• It can be recalled that President Buhari had earlier approved the reconstitution and inauguration of the Governing Board of NASENI on March 8, 2018, with a clear mandate to develop local capacity in machine building and fabrication, which would be critical to Nigeria’s industrial development.
  • NASENI was established in 1992 by the Federal Government following the recommendations of the White Paper Committee on the 1991 Report of a 150-member National Committee on Engineering Infrastructure comprising scientists, engineers, administrators, federal and state civil servants, economists, lawyers, bankers and industrialists.

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Spotlight Stories

MTN Nigeria, Airtel Africa, WAPCO up, investors gain N259 billion

Nigerian Stocks Month-to-Date and Year-to-Date returns increased to 3.24% as market capitalization stands at N21.494 trillion.

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Nigerian banking stocks remain most liquid stocks, as investors gain N25.1 billion, DANGOTE CEMENT, OKOMUOIL and GUINNESS drag Nigerian Stock market down,  SEPLAT, GUINNESS, Breaks Nigerian Bourse Support Levels, Investors Lose N49 Billion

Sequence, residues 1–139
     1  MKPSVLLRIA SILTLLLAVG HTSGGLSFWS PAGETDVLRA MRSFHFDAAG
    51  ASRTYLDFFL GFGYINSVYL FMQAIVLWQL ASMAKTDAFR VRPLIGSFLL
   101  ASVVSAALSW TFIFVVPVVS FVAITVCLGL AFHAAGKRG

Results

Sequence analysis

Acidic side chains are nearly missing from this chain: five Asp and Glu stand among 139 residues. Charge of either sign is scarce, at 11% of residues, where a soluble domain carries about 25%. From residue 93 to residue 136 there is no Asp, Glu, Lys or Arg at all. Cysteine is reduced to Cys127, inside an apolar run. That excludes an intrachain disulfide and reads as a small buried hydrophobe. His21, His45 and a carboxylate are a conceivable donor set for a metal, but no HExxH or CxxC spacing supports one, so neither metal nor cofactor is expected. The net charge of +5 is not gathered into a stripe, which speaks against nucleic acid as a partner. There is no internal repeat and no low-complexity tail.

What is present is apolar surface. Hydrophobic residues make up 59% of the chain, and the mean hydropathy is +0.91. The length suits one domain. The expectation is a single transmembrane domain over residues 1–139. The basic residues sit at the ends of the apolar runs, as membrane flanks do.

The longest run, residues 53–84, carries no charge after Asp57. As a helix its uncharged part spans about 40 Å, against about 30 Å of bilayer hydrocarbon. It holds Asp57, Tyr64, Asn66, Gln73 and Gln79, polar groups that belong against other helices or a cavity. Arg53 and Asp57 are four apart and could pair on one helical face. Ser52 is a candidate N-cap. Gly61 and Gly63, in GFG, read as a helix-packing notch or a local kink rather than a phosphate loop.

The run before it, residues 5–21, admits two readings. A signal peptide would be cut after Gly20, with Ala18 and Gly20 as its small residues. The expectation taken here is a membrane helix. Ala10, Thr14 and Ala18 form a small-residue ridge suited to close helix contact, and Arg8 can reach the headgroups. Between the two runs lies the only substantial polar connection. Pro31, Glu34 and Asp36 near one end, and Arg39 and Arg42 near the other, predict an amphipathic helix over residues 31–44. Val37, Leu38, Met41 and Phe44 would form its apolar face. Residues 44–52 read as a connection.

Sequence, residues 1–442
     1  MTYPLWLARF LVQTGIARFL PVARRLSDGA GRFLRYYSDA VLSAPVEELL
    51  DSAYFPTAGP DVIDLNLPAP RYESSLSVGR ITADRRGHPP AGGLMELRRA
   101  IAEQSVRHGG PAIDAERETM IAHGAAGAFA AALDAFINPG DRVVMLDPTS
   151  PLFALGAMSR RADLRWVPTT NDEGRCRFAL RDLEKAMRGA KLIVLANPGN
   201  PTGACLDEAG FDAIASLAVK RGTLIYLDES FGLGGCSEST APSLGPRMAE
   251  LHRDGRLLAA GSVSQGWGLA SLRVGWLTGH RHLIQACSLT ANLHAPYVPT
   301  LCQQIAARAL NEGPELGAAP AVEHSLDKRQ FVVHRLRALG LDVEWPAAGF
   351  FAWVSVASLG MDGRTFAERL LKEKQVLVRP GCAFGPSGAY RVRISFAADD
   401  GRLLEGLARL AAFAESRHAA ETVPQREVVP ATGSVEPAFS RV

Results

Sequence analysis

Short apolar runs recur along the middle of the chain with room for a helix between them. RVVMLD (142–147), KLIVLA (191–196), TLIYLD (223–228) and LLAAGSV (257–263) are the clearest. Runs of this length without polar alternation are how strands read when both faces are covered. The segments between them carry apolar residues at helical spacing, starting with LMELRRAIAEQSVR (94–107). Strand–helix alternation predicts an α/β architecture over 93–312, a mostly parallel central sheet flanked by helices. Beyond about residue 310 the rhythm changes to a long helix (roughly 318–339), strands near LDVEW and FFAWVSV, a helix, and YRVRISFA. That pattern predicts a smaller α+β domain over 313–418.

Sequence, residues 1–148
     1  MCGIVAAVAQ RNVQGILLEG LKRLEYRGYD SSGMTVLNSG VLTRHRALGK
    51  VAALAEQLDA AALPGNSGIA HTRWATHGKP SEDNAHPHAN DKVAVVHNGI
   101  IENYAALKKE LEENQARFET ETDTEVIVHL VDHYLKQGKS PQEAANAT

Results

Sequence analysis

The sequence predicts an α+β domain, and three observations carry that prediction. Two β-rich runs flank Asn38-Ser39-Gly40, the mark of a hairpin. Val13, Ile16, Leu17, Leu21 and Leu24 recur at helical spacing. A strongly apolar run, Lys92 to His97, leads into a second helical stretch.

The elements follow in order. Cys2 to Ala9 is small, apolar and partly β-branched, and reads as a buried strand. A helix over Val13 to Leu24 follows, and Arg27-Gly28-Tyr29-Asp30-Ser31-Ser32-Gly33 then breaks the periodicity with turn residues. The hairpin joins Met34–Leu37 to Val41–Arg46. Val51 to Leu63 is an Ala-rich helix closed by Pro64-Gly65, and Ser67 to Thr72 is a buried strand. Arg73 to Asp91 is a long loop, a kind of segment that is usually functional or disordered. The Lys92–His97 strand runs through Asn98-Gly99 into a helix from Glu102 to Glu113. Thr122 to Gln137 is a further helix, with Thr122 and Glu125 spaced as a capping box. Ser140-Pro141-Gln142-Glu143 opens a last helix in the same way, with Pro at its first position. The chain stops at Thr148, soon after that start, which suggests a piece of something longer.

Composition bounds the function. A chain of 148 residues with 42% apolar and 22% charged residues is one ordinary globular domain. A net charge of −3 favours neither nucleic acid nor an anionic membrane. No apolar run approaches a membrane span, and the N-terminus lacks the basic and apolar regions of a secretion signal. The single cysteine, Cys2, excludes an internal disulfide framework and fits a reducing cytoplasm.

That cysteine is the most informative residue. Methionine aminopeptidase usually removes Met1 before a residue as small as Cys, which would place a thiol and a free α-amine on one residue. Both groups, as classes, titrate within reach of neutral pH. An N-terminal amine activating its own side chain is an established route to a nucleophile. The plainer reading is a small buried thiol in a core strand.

The Nigerian Stock Exchange continued today on a positive note, as the All-Share Index improved by 1.21% to close at 41,584.94 index points.

Consequently, Month-to-Date and Year-to-Date return increased to 3.24% as market capitalization stands at N21.494 trillion, having added N259 billion.

A total volume of 467 million units of shares, valued at N5.56 billion exchanged hands in 5,990 deals.

  • Transnational Corporations (+0.93%) continued to dominate market activity in terms of volume and value at 45.9 million units and N50.5 million respectively.